Elizabeth Warren Campaign Struggling to Keep up with Copying Sanders

BOSTON, MA – According to sources, Elizabeth Warren has been struggling to keep up with copying Senator Bernie Sanders’ campaign platform as the 2020 democratic primary intensifies.

Campaign staff, recognizing Warren’s refusal to endorse Sanders’ insurgent 2016 campaign with the failed hope of getting a VP nod from Clinton, may be a liability in courting Sanders supporters. They are attempting to portray Warren as a viable progressive alternative by copying every policy proposal rolled out by the self-proclaimed democratic socialist.

“When we launched our campaign in February, we wanted to position Warren as a progressive champion to secure Bernie supporters, as well as a palatable establishment insider to gain Clinton supporters. The natural first step was to latch on to Sanders’ Medicare for All plan as a key platform position understanding we could soften this position later in the campaign. We thought this, along with Liz’s ‘tough on Wall Street’ persona would be enough to get us through the first series of debates,” explained communications director Kristen Orthman.

As the primary season moved into summer, the Warren campaign struggled to break out of the single-digits against Sanders and Biden.

“We felt bold action was needed,” said Jon Donenberg, policy director for Warren’s campaign, adding “the easiest next step was to let Liz turn 70 which we were able to achieve on June 22nd. This would put her on par with Bernie as a septuagenarian. We also saw that Sanders had unionized his campaign, so we went ahead and did that too.”

According to Donenberg, the second pillar to Warren’s campaign would be her ambitious Cancel Student Debt Plan, which she unveiled mid-June, saying “we heard that the Sanders campaign was floating around the idea of student debt relief, so we thought we could really jump on that one and gain the upper hand. Then Bernie comes out with a more far-reaching plan that same week and it looks like he’s really been doing his homework.”

Orthman articulated that there’s a fine line between what can be proposed and how the democratic party establishment will react, saying “the Sanders campaign came out with criminal justice reform, and so we knew we needed to do that, but frame it in a way that would also appease the corporate donors we’ll need to court if Liz becomes the nominee. Same goes for the Agriculture policy we just released, we had to make a lot of calls and issue a lot of reassurances.”

At every turn the Warren campaign, running with the unofficial motto I have a plan for that, has had to rush to complete plans in reaction to Sanders’ proposals, the latest of which calls for doubling union membership in four years. Campaign manager Roger Lau stated “Elizabeth Warren has always been pro-labor, and has a legislative record to back it up. But Bernie is calling for a political revolution to upend the political system in order to achieve his goals. We don’t have that, so we’re just working hard to pull something together that will convince voters that Warren has their back, at least through Super Tuesday.”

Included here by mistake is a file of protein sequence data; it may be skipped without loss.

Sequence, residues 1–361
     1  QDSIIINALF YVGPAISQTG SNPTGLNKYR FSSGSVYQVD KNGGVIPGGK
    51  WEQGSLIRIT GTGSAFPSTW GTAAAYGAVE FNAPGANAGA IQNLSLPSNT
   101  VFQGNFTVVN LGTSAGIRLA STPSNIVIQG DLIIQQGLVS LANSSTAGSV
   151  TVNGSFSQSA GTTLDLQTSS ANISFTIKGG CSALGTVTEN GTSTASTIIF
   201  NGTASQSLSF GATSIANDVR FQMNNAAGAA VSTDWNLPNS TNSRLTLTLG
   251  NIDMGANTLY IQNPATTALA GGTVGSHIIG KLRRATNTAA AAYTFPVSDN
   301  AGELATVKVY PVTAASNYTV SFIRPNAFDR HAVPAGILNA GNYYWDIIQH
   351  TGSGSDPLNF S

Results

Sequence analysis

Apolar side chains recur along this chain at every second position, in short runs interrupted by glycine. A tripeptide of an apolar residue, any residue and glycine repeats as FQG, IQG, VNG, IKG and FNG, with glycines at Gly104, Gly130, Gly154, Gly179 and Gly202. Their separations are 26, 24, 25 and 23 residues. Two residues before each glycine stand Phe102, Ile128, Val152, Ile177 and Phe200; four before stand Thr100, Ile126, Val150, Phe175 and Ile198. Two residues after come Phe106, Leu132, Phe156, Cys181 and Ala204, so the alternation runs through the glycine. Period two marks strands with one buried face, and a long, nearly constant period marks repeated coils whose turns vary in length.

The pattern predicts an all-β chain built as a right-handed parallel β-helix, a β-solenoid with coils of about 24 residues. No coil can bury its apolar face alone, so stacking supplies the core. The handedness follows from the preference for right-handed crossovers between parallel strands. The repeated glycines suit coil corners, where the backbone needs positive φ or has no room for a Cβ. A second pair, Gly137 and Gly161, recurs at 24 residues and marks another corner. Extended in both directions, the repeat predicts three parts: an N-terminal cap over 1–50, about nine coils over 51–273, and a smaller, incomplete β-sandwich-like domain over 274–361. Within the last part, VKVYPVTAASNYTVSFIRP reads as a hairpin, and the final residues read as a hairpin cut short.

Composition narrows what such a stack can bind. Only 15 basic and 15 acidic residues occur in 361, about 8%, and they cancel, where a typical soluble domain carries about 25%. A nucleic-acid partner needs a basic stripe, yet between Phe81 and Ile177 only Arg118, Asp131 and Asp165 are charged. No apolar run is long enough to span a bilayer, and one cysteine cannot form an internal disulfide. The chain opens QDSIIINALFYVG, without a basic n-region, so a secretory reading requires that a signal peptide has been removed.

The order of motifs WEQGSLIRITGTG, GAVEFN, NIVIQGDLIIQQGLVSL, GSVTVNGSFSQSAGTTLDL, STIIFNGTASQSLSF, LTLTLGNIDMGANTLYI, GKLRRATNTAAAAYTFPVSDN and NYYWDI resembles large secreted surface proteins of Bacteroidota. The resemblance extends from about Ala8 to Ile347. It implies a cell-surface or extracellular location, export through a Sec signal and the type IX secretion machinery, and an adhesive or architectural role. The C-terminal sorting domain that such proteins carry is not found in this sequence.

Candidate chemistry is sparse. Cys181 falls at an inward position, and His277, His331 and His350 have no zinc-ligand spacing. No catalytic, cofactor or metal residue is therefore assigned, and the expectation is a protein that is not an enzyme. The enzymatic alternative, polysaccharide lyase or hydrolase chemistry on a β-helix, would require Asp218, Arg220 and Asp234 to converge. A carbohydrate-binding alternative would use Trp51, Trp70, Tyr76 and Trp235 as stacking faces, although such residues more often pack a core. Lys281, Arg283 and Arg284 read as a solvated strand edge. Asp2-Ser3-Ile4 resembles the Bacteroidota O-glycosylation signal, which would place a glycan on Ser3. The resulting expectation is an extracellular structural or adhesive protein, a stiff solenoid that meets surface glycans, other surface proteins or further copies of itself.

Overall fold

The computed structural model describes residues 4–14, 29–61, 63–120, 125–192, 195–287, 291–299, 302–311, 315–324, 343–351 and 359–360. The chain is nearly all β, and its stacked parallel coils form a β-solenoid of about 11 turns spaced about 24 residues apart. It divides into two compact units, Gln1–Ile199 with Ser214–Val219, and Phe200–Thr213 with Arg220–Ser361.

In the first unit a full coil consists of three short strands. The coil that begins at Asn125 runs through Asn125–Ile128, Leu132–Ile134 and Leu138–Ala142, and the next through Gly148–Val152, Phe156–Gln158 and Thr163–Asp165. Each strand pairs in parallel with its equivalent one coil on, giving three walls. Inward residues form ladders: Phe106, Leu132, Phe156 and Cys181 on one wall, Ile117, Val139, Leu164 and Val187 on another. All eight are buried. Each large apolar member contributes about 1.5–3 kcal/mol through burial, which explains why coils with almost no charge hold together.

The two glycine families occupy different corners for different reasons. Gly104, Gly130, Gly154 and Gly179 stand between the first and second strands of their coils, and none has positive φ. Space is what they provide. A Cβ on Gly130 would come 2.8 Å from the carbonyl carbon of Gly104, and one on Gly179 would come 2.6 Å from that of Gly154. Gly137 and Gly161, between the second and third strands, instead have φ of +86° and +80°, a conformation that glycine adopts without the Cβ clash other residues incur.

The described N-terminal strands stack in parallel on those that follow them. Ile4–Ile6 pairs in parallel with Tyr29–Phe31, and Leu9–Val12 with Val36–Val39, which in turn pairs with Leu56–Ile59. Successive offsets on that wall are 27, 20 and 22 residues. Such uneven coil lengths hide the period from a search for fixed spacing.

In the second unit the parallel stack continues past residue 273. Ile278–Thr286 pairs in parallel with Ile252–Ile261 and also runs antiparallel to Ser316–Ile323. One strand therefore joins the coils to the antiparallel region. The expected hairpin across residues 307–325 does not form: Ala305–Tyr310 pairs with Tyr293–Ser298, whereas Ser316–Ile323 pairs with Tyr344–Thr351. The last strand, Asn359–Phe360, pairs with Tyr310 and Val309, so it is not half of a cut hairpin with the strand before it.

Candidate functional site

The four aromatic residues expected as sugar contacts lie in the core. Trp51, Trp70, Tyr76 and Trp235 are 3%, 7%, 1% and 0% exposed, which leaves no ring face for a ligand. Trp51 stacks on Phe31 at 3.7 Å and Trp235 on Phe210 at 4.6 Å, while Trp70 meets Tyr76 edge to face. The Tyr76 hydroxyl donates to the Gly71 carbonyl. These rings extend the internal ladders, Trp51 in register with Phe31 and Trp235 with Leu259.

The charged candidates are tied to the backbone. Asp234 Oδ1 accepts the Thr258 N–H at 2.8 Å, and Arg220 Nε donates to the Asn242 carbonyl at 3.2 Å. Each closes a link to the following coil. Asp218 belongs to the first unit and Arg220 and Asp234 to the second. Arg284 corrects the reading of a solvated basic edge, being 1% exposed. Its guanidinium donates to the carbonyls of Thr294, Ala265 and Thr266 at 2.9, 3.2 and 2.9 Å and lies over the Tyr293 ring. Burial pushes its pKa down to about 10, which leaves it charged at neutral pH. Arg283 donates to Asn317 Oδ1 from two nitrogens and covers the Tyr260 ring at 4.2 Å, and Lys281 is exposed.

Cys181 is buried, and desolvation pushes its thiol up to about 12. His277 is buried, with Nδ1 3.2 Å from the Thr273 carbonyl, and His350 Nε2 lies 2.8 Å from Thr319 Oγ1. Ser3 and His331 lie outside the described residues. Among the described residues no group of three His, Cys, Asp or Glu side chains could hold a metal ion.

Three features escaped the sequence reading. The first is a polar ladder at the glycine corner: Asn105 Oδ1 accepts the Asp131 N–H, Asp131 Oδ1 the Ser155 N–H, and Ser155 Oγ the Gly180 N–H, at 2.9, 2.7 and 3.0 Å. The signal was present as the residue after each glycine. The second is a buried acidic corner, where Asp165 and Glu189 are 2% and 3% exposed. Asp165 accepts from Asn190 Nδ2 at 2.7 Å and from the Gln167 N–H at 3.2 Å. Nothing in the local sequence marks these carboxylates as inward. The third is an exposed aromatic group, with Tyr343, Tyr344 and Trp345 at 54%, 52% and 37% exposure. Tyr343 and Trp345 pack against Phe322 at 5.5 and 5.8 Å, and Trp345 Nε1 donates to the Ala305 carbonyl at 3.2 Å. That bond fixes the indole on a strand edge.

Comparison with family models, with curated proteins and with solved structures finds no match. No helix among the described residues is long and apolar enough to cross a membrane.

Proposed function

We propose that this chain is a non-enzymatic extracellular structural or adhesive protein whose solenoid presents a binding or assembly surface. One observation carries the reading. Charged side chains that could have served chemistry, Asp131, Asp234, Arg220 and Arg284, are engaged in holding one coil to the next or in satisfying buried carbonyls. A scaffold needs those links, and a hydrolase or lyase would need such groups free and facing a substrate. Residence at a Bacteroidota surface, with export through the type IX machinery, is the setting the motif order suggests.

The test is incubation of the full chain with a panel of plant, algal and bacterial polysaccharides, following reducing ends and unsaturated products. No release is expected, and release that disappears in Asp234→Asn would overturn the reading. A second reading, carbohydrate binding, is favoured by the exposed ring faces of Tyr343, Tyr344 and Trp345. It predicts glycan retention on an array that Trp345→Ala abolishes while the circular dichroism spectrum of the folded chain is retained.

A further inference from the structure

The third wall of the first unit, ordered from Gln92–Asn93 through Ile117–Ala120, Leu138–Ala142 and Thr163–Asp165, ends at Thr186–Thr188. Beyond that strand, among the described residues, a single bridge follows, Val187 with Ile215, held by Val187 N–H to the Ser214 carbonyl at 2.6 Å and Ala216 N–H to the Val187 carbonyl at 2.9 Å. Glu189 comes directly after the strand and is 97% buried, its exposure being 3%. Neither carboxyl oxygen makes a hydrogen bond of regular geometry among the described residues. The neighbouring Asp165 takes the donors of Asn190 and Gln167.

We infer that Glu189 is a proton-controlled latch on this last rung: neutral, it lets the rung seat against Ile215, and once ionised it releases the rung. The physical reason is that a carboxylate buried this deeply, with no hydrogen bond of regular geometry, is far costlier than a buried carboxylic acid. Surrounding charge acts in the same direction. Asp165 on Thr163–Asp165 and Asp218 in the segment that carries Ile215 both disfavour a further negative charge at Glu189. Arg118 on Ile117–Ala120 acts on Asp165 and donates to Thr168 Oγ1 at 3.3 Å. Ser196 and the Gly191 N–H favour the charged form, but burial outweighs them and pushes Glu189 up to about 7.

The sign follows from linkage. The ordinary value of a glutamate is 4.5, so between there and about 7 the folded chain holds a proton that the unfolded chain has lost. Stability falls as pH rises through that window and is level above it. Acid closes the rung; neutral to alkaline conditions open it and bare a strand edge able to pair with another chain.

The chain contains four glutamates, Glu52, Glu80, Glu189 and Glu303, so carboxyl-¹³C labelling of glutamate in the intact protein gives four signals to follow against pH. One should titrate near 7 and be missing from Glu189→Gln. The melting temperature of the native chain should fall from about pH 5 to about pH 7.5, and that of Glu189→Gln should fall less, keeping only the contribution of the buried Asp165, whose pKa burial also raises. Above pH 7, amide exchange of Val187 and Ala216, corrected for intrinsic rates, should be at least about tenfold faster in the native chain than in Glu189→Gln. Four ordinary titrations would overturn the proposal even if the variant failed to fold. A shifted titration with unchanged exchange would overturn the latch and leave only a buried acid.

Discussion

“When you look at the political landscape, we’ve got to present Warren as the hero of the elite class while at the same time maintain the narrative that she’s a working-class champion, and that’s not easy,” said Lau, who pointed to the electoral success of Barack Obama who ran a progressive campaign in 2008, successfully beating republican John McCain, adding, “Obama promised to end the wars, provide universal healthcare, decrease the influence of lobbyists, and tackle Wall Street reform. Those were bold, progressive plans, and they worked well to get him elected before he abandoned them in order to appease his donors. Our goal is to get Warren elected and after that, what happens is anybody’s guess.”

Despite the challenges of copying Sanders’ campaign, Warren seems to be succeeding, as evidenced by Chris Cillizza who said “The Elizabeth Warren Express is running at full steam and she’s got the media and the party elites on her side now. She is poised to voraciously eat into Bernie’s base, as long as they don’t figure out that she’s merely parroting his positions in a vain attempt to get the nomination, at which point she’ll throw them under the bus like she did in 2016.”

As of press time, campaign staffers were reportedly freaking about about Sanders’ new climate policy.

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  1. Holy hell that was brilliant. And terrifying, how quickly the story can change. If people see through her act, Bernie can really win this thing. He doesn’t have the mainstream media, which will hurt him with older voters. But he has Twitter, which is igniting a flame among our millennials and Gen Z’ers. I’m sure the DNC did not take into account the next generation of voters that have largely gotten hype over Bernie in the last 4 years.

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